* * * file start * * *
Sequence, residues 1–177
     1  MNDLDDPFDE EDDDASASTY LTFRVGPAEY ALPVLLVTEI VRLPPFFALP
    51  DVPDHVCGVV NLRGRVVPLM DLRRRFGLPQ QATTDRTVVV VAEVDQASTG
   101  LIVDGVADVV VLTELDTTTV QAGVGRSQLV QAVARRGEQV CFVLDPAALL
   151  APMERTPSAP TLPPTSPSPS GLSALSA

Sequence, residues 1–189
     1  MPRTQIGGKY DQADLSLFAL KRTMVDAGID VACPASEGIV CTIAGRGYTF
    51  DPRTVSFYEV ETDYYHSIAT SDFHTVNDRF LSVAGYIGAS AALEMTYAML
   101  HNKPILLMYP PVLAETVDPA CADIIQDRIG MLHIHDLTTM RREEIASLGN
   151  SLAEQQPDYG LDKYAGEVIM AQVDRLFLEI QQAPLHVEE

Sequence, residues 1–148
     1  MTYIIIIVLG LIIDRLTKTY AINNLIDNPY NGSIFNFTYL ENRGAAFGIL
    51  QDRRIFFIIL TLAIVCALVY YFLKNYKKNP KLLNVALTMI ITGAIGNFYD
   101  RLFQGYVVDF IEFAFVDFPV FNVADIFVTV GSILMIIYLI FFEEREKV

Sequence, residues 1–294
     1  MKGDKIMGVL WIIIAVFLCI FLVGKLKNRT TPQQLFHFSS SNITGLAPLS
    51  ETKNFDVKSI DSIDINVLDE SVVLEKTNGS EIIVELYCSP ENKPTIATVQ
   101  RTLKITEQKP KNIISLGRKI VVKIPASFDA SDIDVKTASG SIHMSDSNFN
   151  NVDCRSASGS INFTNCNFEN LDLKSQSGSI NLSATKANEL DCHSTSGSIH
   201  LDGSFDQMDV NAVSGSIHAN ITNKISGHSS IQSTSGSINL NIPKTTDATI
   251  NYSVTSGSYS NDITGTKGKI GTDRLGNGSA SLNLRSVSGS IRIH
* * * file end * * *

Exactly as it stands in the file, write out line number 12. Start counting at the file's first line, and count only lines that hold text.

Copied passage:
     1  MTYIIIIVLG LIIDRLTKTY AINNLIDNPY NGSIFNFTYL ENRGAAFGIL